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Art: Citing references

A guide to finding information in art. Includes links to key resources and sources of help.

Whenever you refer to another person's work in your own essay, dissertation or article you must acknowledge them and give full details of your source. You risk being accused of plagiarism if you fail to do so.

For general information on referencing, including an explanation of different citation systems, and guidance on citing specific types of publication, see our Citing references guide.

For help with citing specific types of publication contact your librarian (details below).

For advice on using references in your work, and how to use them to support your arguments, consult the guidance on the Study Advice website or make an appointment with them.

Reading school of Art has specific guidance in your programme handbook for which referencing style you should use. Sometimes the lecturer for a specific module may require another referencing style so check the assessment information in the BlackBoard course.

2022-23 guidance

Undergraduate programmes - use Chicago author-date style

Taught postgraduate dissertations - use Harvard style (see guidance below.)


Harvard referencing

Also known as 'author-date' style. In Harvard style the in-text citation is in brackets in the body of the text, and uses the author's surname and the date of publication, with the page number if you are referencing a particular page. Full details of the item are listed in the bibliography or reference list.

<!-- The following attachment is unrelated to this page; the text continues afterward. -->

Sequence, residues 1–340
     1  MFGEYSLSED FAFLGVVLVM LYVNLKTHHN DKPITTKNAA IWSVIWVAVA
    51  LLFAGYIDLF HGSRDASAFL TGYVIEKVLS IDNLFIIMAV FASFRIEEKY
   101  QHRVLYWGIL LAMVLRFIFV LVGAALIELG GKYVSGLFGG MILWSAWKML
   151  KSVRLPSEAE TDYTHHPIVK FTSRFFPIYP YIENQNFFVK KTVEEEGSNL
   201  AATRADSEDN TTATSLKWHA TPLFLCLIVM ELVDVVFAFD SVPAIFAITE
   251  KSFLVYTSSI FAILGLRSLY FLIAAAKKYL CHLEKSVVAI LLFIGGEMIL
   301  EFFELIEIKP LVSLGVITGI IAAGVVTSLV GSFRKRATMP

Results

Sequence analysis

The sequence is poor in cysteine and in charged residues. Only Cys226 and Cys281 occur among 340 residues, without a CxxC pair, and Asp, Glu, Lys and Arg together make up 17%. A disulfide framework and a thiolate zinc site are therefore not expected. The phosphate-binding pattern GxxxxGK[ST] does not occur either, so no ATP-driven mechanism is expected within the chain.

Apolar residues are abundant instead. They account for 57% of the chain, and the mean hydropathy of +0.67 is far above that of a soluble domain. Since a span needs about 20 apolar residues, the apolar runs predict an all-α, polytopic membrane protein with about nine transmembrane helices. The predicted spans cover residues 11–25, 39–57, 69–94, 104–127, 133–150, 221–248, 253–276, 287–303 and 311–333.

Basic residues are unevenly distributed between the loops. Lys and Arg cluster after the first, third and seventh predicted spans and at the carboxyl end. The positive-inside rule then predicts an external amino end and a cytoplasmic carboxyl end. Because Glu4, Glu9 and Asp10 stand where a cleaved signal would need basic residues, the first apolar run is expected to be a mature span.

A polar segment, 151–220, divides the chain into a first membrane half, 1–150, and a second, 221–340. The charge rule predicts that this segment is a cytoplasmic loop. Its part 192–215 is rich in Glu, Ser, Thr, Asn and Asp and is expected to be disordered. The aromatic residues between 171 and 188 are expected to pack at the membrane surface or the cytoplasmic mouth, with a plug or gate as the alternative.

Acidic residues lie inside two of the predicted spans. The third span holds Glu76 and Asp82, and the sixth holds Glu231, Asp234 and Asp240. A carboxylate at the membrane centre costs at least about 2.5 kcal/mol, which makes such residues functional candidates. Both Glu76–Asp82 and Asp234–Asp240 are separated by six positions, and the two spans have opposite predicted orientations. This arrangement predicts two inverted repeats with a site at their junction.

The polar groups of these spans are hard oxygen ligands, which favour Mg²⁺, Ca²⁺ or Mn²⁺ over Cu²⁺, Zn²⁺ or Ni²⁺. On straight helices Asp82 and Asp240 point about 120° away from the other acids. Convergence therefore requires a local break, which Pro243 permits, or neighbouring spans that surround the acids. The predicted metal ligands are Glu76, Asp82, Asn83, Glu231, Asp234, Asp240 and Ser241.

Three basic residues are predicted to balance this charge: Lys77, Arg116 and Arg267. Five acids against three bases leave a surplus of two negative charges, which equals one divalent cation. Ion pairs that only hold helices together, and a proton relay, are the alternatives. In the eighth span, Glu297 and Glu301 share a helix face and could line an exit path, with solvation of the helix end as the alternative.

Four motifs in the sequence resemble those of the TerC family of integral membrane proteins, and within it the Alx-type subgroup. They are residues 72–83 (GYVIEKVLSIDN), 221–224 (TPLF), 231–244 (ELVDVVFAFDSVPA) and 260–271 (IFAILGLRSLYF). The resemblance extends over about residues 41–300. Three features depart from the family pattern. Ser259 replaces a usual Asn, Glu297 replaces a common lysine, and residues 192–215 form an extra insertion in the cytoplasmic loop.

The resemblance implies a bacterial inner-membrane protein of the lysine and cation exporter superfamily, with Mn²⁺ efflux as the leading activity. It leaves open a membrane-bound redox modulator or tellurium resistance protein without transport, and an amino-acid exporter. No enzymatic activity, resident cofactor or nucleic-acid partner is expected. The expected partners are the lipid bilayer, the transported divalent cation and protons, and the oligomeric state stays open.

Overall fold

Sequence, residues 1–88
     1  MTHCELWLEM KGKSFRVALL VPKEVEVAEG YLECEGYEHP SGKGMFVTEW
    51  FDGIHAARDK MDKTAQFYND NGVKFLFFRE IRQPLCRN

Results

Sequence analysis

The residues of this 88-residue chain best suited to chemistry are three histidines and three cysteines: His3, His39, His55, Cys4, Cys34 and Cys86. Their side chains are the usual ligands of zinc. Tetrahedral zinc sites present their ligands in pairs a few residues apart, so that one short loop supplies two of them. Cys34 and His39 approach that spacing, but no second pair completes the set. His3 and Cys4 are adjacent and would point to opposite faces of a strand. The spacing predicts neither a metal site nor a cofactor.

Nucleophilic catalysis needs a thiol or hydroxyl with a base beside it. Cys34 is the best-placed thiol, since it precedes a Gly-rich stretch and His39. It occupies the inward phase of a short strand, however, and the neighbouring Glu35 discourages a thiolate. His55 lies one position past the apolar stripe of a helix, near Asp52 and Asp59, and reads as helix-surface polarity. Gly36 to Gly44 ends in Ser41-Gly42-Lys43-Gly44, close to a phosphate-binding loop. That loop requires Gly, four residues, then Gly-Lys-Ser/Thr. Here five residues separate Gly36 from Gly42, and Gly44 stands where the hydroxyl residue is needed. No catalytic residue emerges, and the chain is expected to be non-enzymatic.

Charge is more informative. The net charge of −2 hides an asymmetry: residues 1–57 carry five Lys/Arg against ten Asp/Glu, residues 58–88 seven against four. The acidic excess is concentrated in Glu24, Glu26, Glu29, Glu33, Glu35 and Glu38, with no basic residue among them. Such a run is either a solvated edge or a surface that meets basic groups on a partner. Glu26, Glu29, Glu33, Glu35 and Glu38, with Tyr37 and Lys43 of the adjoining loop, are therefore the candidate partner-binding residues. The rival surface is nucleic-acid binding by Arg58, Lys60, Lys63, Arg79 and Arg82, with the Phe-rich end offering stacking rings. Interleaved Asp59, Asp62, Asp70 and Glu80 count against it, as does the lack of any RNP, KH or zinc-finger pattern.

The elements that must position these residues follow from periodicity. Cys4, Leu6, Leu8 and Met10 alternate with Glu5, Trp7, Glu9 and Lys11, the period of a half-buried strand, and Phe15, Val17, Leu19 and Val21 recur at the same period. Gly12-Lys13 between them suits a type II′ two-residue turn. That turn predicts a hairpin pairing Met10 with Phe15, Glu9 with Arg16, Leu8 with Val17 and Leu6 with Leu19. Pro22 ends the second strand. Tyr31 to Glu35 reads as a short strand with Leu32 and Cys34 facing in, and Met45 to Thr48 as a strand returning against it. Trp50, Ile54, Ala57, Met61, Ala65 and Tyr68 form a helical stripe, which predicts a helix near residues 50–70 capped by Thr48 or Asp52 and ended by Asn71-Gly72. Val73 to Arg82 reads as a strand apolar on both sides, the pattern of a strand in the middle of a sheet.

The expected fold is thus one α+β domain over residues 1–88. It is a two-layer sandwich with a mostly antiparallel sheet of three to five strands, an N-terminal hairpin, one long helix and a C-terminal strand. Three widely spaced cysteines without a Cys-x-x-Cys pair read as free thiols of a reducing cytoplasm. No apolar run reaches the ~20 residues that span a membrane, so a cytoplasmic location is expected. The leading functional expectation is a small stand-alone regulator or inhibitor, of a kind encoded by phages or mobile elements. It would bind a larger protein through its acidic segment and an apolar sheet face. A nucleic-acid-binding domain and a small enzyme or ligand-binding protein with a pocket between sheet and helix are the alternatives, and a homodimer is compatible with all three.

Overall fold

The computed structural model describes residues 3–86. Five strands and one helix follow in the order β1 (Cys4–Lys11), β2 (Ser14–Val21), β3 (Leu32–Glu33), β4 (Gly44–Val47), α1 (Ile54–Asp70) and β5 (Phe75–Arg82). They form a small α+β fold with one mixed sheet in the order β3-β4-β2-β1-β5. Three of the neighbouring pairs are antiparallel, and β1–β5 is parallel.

Note that because Harvard is a 'style' rather than a system or set of rules, recommended punctuation and formatting of the text may differ depending on what advice you are reading. Use the examples from 'Cite them right' Harvard and be consistent throughout your work.

This online guide has examples of how to reference books, articles, conferences, archives, all different types of art works, performances and exhibitions, digital and social media - literally anything you can think of!

Cite them right page with guidance on citing multiple formats in Harvard style

Harvard referencing examples

Every time you write about something in an essay, including quotations and if you are simply referring to an idea, fact or academic argument, let your reader know where you found it by referencing the relevant book, article, website, publication or object. When using Harvard referencing, you include a brief in-text reference in brackets before the full stop of your sentence, giving the author's surname and the year of publication (Guest, 2023).

Then at the end of your piece of work, include a Reference List, listing all items referenced with their full publication details, in alphabetical order of the authors' surnames. These full references must be laid out with specific details, in a specific order with the required formatting and punctuation for Harvard style - see the examples on the other tabs for further guidance.

Reference List

Guest, N. (2023) How to do referencing. London: Penguin. 

For more explanation, examples and helpful videos take a look at the Cite them Right Harvard articles link below;

In text: (Author's surname, Year)

In bibliography: Surname, Initial. (Year of publication) Title. Edition. Place of publication: Publisher.


In text: (Grant, 2022)

In bibliography: Grant, Catharine. (2022) A time of one's own: histories of feminism in contemporary art. Durham: Duke University Press.

Book details for example reference shown in Enterprise catalogue

In text: (Editor's surname, Year)

In bibliography: Surname, Initial. (ed.) (Year of publication) Title. Edition. Place of publication: Publisher.


In text: (Murphy and Rascaroli, 2020)